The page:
I’ve said a little on the manifest dangers of using alternative medicines that have not undergone sufficient clinical tests in the past. When this flagrant sales pitch centered around Gwyneth Paltrow (and, coincidently, penned by none other than “Bee Shapiro”) popped up on my phone’s news app, I felt it was time to add once more to the general background noise on the subject.
The article is largely about the pricey array of accoutrements that help keep the ageing, and admittedly impressive, Paltrow physiognomy like a newborn’s rump, while giving her own Goop a little mainstream exposure.
Towards the end of the piece, Ms. Paltrow reveals that she has used bee sting therapy. Employing a textbook Appeal to Tradition fallacy, she recounts “I’ve been stung by bees. Its a thousands of years old treatment called apitherapy. People use it to get rid of inflammation and scarring.” She then invites an eager readership to discover how “pretty incredible” it is “if you research it”. So I took the opportunity to do just that.
The technique is included under the broad umbrella of alternative treatments known as Apitherapy. Apitherapy refers to the use of any bee related products, including honey, pollen, royal jelly, and bee venom, for their supposed healing effects.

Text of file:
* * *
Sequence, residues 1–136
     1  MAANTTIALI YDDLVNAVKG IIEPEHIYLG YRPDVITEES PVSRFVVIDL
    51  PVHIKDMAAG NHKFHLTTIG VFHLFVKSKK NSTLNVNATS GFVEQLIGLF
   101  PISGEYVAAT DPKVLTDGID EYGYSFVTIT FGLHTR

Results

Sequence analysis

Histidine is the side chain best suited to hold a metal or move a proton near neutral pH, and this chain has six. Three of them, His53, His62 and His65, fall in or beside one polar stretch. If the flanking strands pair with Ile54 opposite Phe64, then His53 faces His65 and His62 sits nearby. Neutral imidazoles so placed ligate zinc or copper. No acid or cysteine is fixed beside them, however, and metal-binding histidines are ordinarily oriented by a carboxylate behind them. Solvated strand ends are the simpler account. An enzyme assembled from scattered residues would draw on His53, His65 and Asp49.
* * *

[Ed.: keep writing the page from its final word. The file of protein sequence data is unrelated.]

Frankly, the process seems a little ridiculous. Honey bees are placed on to the skin and agitated until they sting the ‘patient’. Some patients are reportedly stung upward of 80 times in a day. Unsurprisingly, the therapy hasn’t entered the mainstream yet, but will, perhaps, gain a little more popularity thanks to Ms. Paltrow’s endorsement.
Proponents seem to be a little hazy about any scientific evidence supporting any of their claims. The American Apitherapy Society claims apitherapy is used to treat multiple sclerosis, arthritis, wounds, pain, gout, shingles, burns, tendonitis, and infections. I couldn’t find any recent peer-reviewed papers to support any of these claims. Reverting to other territory, the best I could muster were a few papers where studies had been conducted on rats and mice. One 30-year old paper reported among its findings that bee venom slowed the rate of action of certain cytokines responsible for regulating inflammatory responses.
On a related note, If you think a bee sting is painful for the recipient, then spare a thought for the poor bee. Due to the way in which honey bees are physiologically configured, stinging is apiarian kamikaze. Once the barbed stinger is inserted in to the comparatively thick skin of a mammal, such as Ms. Paltrow, it cannot be withdrawn so it’s left behind. Sadly for the bee, the upper end of the stinger is attached to a venom sac, the bee’s lower digestive tract and a knot of surrounding tissue, all of which it leaves behind at the sting site. Lacking a substantial part of its innards, the bee then buzzes off to die.